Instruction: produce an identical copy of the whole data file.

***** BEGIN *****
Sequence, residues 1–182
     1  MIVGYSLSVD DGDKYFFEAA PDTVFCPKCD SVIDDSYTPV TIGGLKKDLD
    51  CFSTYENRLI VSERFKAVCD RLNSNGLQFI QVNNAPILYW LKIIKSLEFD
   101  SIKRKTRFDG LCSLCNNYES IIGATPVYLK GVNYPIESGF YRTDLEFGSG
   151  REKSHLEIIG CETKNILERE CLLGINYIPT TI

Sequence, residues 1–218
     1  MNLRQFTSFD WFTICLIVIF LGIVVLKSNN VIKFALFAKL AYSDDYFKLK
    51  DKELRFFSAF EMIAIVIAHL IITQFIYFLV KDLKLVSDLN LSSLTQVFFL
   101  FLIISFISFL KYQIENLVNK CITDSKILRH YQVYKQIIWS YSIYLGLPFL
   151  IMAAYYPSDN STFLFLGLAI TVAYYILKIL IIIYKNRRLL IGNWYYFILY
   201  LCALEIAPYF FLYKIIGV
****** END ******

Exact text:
Sequence, residues 1–182
     1  MIVGYSLSVD DGDKYFFEAA PDTVFCPKCD SVIDDSYTPV TIGGLKKDLD
    51  CFSTYENRLI VSERFKAVCD RLNSNGLQFI QVNNAPILYW LKIIKSLEFD
   101  SIKRKTRFDG LCSLCNNYES IIGATPVYLK GVNYPIESGF YRTDLEFGSG
   151  REKSHLEIIG CETKNILERE CLLGINYIPT TI

Sequence, residues 1–218
     1  MNLRQFTSFD WFTICLIVIF LGIVVLKSNN VIKFALFAKL AYSDDYFKLK
    51  DKELRFFSAF EMIAIVIAHL IITQFIYFLV KDLKLVSDLN LSSLTQVFFL
   101  FLIISFISFL KYQIENLVNK CITDSKILRH YQVYKQIIWS YSIYLGLPFL
   151  IMAAYYPSDN STFLFLGLAI TVAYYILKIL IIIYKNRRLL IGNWYYFILY
   201  LCALEIAPYF FLYKIIGV